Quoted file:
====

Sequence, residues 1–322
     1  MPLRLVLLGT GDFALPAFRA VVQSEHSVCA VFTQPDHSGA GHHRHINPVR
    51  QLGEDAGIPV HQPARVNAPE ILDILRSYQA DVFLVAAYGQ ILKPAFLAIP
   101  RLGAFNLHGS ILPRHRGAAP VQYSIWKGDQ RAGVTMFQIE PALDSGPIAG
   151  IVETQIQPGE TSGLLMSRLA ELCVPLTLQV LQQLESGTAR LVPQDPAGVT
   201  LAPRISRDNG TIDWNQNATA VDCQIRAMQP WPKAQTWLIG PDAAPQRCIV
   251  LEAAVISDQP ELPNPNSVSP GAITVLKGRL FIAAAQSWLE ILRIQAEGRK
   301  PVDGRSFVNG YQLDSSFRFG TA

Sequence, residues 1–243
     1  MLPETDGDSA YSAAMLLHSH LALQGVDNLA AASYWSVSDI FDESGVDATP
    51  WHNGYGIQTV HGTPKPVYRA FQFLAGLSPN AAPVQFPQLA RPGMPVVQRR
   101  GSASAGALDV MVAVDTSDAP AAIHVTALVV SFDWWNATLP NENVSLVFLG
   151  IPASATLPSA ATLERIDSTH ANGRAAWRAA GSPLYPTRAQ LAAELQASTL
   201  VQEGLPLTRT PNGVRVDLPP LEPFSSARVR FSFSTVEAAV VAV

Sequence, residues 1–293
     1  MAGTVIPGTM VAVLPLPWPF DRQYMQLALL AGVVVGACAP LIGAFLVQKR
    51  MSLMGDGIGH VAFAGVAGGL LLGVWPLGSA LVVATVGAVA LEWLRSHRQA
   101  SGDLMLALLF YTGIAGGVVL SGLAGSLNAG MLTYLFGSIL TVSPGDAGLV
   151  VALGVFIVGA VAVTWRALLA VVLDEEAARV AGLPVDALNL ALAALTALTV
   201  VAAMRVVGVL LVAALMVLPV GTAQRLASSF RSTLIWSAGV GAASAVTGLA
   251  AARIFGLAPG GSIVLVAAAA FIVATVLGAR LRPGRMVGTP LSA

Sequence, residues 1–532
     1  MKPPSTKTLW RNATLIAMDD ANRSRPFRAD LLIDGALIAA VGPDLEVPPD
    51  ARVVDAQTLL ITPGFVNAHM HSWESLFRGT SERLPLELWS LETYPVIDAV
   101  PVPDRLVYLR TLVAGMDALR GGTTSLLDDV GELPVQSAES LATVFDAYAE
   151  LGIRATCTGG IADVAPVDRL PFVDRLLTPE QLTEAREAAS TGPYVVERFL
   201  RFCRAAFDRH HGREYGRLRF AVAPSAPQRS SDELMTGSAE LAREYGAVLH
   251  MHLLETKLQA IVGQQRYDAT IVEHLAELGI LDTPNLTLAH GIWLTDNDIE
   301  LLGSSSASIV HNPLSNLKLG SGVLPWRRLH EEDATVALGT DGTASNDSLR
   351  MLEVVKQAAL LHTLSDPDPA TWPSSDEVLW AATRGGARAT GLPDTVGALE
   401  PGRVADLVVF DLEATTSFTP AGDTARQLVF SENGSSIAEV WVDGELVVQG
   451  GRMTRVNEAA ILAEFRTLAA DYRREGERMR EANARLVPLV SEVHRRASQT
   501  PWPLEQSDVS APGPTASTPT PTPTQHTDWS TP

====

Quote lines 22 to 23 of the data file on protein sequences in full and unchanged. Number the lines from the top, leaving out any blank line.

Sequence, residues 1–532
     1  MKPPSTKTLW RNATLIAMDD ANRSRPFRAD LLIDGALIAA VGPDLEVPPD